Indians supported their cricket board BCCI’s decision to suspend the ongoing Indian Premier League (IPL) due to the rise in COVID-19 cases across the country.
The IPL was suspended indefinitely on Tuesday (May 4) due to the COVID-19 crisis in the country, leaving many international players with major concerns over how they will return home.
The BCCI and the league’s governing council members convened an emergency meeting at which they decided to suspend the tournament with immediate effect.
The BCCI had forged ahead with the league despite fierce criticism for staging it in a country where coronavirus infections surged past 20 million on Tuesday.
The eight-team IPL, with an estimated brand value of $6.8 billion, is the richest Twenty20 league and attracts many of the best players from around the world to cricket-crazy India.
As many as 57 foreign players, including 14 Australians, are currently stuck in India along with dozens of support staff.
A suspension looked almost inevitable after Monday’s (May 3) game in Ahmedabad had to be postponed after two Kolkata Knight Riders players tested positive for COVID-19.
Two non-playing members of Chennai Super Kings team also contracted the virus in Delhi, prompting questions about the robustness of the league’s bio-bubble arrangements.
The abrupt suspension left foreign players, including England’s World Cup-winning captain Eoin Morgan and Australia’s Steve Smith and David Warner, with a major headache.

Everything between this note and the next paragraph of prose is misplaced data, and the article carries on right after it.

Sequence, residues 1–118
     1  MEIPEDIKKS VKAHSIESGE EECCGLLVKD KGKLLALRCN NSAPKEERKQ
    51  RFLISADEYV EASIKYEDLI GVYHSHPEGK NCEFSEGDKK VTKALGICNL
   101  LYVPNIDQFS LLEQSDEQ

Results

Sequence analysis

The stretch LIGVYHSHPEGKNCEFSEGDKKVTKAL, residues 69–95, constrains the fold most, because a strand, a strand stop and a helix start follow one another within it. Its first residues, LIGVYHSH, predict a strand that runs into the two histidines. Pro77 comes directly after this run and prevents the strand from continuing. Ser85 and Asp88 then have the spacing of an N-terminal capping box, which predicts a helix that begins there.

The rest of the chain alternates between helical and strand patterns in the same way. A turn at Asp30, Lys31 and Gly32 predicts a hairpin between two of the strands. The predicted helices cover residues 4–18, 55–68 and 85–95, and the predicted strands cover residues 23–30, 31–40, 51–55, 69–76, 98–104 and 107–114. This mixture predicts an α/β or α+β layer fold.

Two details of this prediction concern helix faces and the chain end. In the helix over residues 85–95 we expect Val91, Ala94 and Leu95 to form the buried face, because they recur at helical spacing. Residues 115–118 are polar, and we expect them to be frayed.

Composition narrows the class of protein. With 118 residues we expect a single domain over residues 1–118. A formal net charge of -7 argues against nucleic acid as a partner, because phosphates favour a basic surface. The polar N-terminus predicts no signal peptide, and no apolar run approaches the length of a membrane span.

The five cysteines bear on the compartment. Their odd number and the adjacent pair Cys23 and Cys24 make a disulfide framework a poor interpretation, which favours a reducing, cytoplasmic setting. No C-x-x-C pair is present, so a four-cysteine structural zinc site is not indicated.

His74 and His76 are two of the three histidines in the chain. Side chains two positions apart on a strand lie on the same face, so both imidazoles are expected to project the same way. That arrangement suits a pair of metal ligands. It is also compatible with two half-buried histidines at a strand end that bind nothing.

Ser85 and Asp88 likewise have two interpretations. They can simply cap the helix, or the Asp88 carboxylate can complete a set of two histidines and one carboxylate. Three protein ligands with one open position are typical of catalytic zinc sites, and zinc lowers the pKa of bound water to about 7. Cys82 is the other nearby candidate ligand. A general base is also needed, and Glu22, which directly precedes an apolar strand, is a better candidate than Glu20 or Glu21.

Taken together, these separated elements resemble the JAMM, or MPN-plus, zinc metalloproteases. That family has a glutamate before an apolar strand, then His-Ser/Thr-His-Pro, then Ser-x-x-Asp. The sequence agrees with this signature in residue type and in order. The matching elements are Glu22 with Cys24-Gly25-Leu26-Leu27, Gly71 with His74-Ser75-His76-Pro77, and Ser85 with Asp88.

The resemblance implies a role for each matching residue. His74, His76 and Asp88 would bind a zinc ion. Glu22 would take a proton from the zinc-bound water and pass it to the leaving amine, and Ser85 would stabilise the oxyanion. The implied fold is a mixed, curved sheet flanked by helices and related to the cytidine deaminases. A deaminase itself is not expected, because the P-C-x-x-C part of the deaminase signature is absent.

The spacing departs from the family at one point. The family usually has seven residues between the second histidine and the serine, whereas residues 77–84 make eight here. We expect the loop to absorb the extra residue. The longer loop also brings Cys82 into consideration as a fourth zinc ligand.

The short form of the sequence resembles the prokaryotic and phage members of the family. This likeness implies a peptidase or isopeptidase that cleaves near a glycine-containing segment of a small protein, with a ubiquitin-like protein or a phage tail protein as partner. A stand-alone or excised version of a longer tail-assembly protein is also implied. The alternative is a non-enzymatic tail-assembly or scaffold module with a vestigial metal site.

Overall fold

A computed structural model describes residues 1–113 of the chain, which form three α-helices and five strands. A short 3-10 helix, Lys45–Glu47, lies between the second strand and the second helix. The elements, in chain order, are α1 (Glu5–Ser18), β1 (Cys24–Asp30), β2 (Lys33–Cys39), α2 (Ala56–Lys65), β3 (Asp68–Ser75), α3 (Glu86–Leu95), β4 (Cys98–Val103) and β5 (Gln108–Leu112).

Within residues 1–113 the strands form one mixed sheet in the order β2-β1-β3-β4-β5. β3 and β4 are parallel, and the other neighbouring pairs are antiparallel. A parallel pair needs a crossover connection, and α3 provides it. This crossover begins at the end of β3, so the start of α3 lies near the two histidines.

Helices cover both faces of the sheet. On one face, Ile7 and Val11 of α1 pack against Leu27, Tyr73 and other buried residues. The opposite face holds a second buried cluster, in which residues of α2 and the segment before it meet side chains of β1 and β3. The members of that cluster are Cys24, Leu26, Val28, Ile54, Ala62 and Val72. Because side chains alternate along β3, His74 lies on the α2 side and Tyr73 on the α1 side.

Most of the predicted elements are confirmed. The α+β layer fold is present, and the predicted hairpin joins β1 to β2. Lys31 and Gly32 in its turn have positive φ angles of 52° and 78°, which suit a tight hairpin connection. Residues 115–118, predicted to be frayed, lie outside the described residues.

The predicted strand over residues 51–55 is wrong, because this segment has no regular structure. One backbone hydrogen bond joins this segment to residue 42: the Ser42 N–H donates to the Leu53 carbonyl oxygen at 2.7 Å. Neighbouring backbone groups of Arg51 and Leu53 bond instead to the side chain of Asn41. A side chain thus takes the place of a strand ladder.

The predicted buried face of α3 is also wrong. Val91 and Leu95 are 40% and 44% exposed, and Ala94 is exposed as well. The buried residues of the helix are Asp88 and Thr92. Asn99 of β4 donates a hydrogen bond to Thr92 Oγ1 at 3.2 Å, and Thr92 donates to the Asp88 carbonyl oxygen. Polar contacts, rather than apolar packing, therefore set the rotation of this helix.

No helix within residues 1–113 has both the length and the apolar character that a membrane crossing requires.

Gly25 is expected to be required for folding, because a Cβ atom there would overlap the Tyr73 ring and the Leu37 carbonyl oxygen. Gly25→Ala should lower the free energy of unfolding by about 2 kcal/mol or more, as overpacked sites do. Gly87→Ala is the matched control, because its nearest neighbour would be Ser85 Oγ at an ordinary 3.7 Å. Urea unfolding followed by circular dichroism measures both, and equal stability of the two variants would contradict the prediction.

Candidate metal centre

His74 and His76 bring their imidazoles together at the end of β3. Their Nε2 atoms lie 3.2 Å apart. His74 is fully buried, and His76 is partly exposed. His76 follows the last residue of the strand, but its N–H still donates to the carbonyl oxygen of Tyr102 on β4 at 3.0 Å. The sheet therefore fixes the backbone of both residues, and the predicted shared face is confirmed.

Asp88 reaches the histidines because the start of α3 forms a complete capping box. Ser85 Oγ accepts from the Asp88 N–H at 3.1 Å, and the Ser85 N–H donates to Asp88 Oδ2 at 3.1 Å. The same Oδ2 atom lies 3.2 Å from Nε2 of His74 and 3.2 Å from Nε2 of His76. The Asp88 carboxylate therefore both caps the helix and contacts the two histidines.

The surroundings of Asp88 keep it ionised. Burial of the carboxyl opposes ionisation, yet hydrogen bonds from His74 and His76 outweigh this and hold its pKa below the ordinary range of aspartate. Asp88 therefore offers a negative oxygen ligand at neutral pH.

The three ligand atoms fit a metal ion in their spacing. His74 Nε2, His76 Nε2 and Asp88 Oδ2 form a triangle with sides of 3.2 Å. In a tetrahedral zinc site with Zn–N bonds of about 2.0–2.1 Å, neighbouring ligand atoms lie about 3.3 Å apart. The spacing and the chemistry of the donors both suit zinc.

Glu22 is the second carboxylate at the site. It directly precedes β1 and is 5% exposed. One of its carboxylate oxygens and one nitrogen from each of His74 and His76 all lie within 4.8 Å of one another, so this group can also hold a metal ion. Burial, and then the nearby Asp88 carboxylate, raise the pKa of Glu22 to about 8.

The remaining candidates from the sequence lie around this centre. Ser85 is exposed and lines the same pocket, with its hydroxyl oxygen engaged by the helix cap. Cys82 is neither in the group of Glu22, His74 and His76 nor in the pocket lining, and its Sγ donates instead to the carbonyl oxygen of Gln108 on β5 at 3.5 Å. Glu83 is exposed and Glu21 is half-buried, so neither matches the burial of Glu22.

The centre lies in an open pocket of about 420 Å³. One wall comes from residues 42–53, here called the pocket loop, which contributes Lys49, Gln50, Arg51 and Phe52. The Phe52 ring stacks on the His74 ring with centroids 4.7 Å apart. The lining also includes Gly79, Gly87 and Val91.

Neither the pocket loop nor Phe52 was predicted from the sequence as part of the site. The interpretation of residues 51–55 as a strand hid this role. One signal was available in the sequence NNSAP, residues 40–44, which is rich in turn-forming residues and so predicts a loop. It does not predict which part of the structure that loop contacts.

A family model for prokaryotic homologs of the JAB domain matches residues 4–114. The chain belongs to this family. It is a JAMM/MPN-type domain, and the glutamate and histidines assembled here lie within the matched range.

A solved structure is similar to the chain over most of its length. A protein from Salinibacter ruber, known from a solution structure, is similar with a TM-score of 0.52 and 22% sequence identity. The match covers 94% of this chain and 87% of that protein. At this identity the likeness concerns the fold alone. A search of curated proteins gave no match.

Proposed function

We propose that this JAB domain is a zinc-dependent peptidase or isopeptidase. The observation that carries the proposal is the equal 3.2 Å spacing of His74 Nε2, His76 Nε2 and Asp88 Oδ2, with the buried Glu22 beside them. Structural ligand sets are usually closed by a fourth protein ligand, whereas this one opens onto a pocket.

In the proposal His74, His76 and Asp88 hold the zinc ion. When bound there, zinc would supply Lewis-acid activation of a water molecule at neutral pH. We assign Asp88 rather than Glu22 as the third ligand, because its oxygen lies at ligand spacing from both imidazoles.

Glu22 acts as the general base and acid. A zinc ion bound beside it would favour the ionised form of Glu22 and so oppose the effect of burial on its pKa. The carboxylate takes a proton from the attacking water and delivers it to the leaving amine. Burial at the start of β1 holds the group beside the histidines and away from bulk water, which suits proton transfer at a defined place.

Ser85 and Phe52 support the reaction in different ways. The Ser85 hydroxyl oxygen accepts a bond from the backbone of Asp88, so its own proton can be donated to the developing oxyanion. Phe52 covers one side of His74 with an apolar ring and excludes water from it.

Australia has banned all arrivals from India until May 15 and England has added India to its travel “red” list.
In a letter to the franchises last month, the league assured them they would discuss the foreign players’ travel arrangements with the Indian government.
Cricket Australia declined to comment when asked if it had any plans to try and bring its players home.
Hours before the league was suspended, the Australian Cricketers’ Association said it would talk to the Australian government about the players’ travel plans.
Australian players Andrew Tye, Adam Zampa and Kane Richardson cut short their IPL stints to return home last week.
Former Australia test batsman Michael Slater, now working as a commentator, strongly criticised the Australian government for its decision to ban citizens in COVID-ravaged India from returning home, saying Prime Minister Scott Morrison has “blood” on his hands.
The IPL’s suspension also casts doubt on this year’s Twenty20 World Cup which is scheduled to take place in India in October-November.
The total number of infections topped 20 million, propelled by a 12th straight day of more than 300,000 new cases in a pandemic sparked by a virus first identified in central China at the end of 2019.
Hospitals have filled to capacity, supplies of medical oxygen have run short and morgues and crematoriums have been overloaded with corpses. Patients are dying on hospital beds, in ambulances and in carparks outside.